Taking Stock-Jif and Smucker's

   Dear Mr. Berko: Jif peanut butter is my favorite snack food, and when I mentioned this to my broker, he said that Jif is owned by J.M. Smucker, which I didn't know, and recommended that I buy 200 shares. So if Jif owned by J.M. Smucker, the people who make jams and jellies, would you approve of the purchase of the stock as a two-to-four-year horizon before I retire and have to load up on income issues?
    -M.J., Erie, Pa.

   Dear M.J.: If I were going to isolate myself in a mountain cabin for two years to write the Great American Novel, I would make certain that half the shelves in my pantry are stocked with crunchy peanut butter. (Did you know that it takes 851 peanuts to make a one l8-ounce jar of peanut butter?) It's still my favorite snack food, and we're not alone because 50 percent of the peanuts grown in this country are consumed in the form of peanut butter.
   Yes, Jif is a J.M. Smucker (SJM-$61) product, a Jim-Dandy Orrville, Ohio company (not far from Mr. Redenbacher's popcorn patch) that's been selling quality succulents since l897. And the SJM strategy is to "own and market No. 1 brands sold in the center aisle of every store in North America."
   And these guys have succeeded, as revenues grew more than sevenfold in the last 10 years from $650 million to an anticipated $4.8 billion this year. That's because SJM bought Jif and Crisco brands from Procter & Gamble for $790 million in 2002. SJM paid P&G $3.7 billion for Folgers in 2006. "The best part of wakin' up is Folgers in your cup." Now that's good advertising -- rather than the high-tech, high-power, over-loud, mind-numbing, sexually suggestive stuff we view today.
   SJM also bought International Multifoods for $840 million, which included Pillsbury and Hungry Jack in 2004. And in addition to its trademark jams, jellies and preserves, SJM also owns Carnation, Eagle Brands, Borden, Millstone, Dutch Girl, Laura Scudder and Dickenson's brands, so "if it's Smucker's, it's gotta be good."
   SJM isn't a rah-rah, go-go company, but management (mostly family) knows how to run this business. Debt is a miniscule l4 percent of capital; book value has grown fivefold since 2000; earnings should increase from $1.28 in 2000 to $4.68 this year; the $1.60 dividend, which was just increased 10 percent, yields 2.7 percent; and the stock trades at a reasonable 13 times earnings. Meanwhile, SJM's prodigious cash flow will allow management to improve shareholder value via stock buybacks, acquisitions or a special dividend.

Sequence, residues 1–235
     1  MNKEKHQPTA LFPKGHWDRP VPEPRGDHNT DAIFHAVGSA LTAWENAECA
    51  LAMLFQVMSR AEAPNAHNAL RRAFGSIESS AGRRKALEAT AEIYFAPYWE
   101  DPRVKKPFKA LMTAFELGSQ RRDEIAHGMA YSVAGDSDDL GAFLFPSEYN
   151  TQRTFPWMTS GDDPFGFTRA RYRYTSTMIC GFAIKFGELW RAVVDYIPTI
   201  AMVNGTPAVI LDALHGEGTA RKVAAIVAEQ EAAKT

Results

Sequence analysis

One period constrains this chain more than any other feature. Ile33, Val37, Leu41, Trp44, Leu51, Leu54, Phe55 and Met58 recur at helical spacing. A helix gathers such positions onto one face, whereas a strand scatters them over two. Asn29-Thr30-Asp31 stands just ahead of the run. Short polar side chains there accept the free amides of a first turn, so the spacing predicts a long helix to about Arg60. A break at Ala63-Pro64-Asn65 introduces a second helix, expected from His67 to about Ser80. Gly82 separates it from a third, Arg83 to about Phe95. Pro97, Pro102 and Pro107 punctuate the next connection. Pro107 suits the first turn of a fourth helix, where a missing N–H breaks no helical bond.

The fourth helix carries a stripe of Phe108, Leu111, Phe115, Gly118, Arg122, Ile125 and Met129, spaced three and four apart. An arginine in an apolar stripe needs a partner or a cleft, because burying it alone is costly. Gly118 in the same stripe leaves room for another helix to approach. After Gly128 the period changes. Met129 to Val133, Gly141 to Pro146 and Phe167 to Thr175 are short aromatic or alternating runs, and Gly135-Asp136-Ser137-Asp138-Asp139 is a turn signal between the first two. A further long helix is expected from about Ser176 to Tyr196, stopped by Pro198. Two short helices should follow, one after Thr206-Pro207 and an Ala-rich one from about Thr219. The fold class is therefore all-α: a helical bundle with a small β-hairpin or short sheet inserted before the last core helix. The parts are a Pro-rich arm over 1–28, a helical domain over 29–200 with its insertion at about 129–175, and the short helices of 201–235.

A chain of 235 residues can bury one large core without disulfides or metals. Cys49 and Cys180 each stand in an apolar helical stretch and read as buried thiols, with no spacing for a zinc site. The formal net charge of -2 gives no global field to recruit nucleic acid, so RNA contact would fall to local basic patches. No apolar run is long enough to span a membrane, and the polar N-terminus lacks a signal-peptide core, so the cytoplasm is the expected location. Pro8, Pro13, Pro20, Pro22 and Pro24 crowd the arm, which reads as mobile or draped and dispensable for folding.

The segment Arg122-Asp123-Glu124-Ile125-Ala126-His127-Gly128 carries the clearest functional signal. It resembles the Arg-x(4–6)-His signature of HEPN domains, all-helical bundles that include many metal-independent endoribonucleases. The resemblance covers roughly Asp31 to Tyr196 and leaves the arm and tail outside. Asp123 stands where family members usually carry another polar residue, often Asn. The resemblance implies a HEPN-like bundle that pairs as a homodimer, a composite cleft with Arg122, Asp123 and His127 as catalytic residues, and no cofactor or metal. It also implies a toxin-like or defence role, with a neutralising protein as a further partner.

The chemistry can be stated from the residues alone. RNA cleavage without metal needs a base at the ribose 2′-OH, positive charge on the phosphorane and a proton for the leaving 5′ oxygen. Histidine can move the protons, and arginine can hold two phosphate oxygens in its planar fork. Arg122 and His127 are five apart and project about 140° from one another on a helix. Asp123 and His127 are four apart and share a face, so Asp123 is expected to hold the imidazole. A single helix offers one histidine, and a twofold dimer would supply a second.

The Street's consensus suggests that SJM could grow its revenues between 6 percent and 7 percent annually for the next five years. So, absent acquisitions, earnings could grow 8 percent (thanks to superb profit margins) annually to $6.75, and dividends could increase to $2.15.
   I'm not positively certain, but I don't see the stock rising above the $80-$82 level even though SJM also owns those Dunkin' Donut stores that dot the streets, avenues and boulevards of a thousand American cities. (Have you ever tried a peanut butter cappuccino?)
   And while I really like the company, admire its management and lust after its gustable comestibles, I don't consider SJM a compelling buy at $60. But I would, with alacrity, own this stock in the high $40s. So consider placing an open order with your broker in the $47 range. And if the market tumbles again, you might catch 200 shares above the stock's $37 lows of 2009, 2008 and 2006, and above its $46 low of 2007.

   Please address your financial questions to Malcolm Berko, P.O. Box 1416, Boca Raton, FL 33429 or e-mail him at mjberko@yahoo.com. To find out more about Malcolm Berko and read features by other Creators Syndicate writers and cartoonists, visit the Creators Syndicate website at www.creators.com. COPYRIGHT 2008 CREATORS SYNDICATE, INC.